5. Don’t Use Controllers For Presentation Logic.

The recommended development model in AngularJS is the MVC. It consists of a model, view, and controller. When you add presentation code in the controller, then you are breaking the integrity of the layers. Also, it could lead to unmanageable code. And it would become hard for other developers to debug. So, if you require a change in any HTML element or any DOM manipulation, then you should do it in the presentation layer.

6. Use Track By For Quickly Displaying List Items.

You can control the frequency of rendering lists by using the Track By feature. Otherwise, displaying the list will require the DOM to reload for every item in the list.

See the below example.

<div ng-repeat="listitem in empList">
</div>

The above approach will make your code less efficient. Hence, you should be using the following code.

<div ng-repeat=" listitem in empList track by item.empid">
</div>

The code above still follows the same process. But it would display the list faster and make the application more efficient. As it is using the unique key instead of using a random one.

7. Adapt ControllerAs Approach.

In spite of using the scope as a container, it’s better to use a controller as itself.

For your information, in controllers, it is no longer suggested to use the “$scope” variable. But we can assign everything to a controller object like this.text=” “. And in HTML templates, we should just set a name for our controller variable.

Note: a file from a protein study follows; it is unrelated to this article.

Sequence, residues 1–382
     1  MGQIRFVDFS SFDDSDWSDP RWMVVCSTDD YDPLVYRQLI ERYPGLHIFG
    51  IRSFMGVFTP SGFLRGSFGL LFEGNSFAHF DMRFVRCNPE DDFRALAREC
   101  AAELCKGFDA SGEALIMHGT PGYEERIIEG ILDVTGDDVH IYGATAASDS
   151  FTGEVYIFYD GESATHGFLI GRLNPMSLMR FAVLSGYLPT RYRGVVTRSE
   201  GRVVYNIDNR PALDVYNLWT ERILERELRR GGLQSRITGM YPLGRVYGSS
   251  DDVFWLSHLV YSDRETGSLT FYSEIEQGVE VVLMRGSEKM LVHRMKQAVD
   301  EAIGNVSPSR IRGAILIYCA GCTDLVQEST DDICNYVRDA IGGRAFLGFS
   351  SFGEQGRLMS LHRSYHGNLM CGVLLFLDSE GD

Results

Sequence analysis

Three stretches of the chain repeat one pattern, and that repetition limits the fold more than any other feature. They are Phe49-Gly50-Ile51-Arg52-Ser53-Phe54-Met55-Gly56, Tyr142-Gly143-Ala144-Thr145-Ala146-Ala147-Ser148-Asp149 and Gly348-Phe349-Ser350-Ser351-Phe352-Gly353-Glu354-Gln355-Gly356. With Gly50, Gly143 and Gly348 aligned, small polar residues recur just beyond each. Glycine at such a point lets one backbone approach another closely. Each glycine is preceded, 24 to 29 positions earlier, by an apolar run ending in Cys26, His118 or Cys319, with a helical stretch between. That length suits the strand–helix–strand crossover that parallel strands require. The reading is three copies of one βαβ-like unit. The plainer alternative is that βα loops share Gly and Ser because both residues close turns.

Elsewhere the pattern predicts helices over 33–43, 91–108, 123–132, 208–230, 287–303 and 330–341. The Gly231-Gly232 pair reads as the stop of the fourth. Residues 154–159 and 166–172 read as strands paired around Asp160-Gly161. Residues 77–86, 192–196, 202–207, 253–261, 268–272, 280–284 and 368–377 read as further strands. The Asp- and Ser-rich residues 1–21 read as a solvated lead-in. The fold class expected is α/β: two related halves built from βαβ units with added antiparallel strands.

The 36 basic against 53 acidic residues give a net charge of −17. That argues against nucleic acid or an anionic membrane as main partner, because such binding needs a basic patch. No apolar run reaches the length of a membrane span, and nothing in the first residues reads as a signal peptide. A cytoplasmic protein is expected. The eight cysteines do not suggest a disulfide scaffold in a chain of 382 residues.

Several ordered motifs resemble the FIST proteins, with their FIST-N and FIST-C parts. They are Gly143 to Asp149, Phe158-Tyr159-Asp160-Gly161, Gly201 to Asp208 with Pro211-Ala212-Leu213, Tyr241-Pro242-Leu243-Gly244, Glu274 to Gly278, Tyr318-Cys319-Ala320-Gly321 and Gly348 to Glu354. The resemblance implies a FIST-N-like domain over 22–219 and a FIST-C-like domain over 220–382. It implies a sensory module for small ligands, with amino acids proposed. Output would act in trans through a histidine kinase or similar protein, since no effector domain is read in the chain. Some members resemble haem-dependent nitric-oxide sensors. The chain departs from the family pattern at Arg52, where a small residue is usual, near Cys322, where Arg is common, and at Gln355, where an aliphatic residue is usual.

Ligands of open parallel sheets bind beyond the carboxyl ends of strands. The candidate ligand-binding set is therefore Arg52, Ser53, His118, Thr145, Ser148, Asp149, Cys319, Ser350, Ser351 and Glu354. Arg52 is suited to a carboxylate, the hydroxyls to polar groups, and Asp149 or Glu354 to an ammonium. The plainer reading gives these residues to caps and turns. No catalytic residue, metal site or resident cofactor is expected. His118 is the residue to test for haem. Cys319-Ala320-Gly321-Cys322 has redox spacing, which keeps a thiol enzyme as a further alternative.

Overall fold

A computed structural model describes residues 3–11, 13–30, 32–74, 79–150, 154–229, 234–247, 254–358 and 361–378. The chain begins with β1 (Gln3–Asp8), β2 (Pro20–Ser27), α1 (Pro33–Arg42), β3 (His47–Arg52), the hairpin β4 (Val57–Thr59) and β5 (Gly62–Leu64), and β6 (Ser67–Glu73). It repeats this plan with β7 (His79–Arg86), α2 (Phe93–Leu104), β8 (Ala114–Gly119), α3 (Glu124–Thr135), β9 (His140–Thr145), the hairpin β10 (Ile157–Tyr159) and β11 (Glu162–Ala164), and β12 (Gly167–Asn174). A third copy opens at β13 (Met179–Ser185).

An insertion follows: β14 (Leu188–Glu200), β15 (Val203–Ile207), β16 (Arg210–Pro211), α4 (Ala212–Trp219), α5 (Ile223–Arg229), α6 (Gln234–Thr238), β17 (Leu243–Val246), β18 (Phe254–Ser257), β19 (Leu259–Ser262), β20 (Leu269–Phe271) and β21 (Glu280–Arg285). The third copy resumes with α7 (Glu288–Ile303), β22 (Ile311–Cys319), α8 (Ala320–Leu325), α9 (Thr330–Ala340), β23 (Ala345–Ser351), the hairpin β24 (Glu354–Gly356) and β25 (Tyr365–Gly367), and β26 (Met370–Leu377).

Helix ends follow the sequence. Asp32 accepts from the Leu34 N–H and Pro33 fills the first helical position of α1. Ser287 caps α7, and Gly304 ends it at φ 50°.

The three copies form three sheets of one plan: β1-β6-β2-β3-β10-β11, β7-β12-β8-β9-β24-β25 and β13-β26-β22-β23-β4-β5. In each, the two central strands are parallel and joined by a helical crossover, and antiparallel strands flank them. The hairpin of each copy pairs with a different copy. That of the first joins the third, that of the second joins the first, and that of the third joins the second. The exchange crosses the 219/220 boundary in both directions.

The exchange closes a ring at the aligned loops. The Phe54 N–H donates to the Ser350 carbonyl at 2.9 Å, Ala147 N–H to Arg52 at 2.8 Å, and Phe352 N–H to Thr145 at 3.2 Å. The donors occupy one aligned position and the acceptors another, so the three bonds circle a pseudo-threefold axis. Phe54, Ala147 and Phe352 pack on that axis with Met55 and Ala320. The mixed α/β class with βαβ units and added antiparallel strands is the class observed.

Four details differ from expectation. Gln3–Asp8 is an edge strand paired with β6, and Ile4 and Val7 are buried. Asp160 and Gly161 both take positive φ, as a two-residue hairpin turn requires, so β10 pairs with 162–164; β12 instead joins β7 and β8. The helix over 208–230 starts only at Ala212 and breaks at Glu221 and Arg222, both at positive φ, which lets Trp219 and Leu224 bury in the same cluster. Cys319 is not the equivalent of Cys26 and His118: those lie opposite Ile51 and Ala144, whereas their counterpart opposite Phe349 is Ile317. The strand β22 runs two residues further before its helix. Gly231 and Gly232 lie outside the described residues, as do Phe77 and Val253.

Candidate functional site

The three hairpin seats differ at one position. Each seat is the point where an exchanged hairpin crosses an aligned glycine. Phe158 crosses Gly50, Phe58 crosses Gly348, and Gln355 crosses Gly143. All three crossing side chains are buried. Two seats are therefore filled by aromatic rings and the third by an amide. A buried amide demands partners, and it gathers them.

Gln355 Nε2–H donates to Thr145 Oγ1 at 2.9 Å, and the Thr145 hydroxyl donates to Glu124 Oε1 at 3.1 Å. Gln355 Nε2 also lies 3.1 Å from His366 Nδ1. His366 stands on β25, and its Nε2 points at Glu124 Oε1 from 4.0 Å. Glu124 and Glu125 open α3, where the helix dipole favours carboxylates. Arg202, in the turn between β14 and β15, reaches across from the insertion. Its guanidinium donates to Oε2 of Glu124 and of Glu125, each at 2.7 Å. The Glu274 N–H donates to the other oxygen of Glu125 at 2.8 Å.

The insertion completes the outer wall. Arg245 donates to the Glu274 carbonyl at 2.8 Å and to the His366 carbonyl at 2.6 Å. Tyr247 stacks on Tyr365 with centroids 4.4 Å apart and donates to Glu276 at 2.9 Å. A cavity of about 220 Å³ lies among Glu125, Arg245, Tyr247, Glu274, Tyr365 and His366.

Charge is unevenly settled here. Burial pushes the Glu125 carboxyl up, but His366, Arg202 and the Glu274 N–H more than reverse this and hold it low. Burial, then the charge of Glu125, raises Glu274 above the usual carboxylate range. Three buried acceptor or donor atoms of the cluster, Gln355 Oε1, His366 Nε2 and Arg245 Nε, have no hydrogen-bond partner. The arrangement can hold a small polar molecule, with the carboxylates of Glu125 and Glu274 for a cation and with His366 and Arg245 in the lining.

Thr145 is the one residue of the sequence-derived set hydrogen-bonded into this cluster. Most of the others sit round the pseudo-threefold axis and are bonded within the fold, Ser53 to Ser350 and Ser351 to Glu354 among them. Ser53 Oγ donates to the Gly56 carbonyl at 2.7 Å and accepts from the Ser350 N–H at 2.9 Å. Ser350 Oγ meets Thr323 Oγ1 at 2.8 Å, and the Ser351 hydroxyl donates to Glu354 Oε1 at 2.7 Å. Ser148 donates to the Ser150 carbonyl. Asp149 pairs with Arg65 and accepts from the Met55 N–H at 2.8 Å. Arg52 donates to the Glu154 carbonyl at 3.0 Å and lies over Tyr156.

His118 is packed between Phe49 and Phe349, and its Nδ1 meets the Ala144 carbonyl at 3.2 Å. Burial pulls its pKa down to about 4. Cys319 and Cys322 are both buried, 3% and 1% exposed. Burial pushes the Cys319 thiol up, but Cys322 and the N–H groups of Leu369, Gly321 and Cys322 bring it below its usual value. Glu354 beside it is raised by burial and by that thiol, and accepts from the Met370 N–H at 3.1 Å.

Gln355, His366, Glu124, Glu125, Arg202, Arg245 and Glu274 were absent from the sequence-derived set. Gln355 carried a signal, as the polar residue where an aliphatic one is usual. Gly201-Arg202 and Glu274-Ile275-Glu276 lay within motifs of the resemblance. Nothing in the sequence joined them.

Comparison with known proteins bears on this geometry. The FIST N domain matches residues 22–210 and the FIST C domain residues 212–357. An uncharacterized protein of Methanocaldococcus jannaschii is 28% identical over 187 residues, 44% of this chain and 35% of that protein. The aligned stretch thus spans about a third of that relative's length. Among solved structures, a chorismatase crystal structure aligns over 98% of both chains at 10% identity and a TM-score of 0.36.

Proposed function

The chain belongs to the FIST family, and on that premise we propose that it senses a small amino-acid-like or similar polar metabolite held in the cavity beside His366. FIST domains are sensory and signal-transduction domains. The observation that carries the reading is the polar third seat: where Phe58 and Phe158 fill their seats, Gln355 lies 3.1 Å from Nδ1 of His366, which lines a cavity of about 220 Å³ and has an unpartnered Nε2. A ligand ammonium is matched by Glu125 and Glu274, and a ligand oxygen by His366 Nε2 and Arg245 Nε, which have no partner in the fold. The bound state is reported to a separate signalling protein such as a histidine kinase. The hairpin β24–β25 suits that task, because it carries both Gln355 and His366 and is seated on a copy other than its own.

ng-controller=”MasterCtrl as ctrl"


It would work without any issue. However, there could be people who may oppose this approach but I think it is useful for developers who faced problems in following the scope based approach.

You can use the controllerAs property inside the directive signature.

app.directive('Directive', function () {
    return {
      restrict: 'EA',
      templateUrl: 'temp.html',
      scope: true,
      controller: function () {},
      controllerAs: 'vm'
    }
});

Or also use it for controllers via $routeProvider in the following manner.

app.config(function ($routeProvider) {
  $routeProvider
  .when('/', {
    templateUrl: 'hero.html',
    controllerAs: 'hero',
    controller: 'HeroCtrl'
  })
});


8. Integrate Less To Produce CSS.

LESS, which is a CSS pre-processor and provides features like mixins, operators, and functions. Many developers recommend the use of Less for web development with AngularJS. While working with it, there are a lot of things which you can achieve.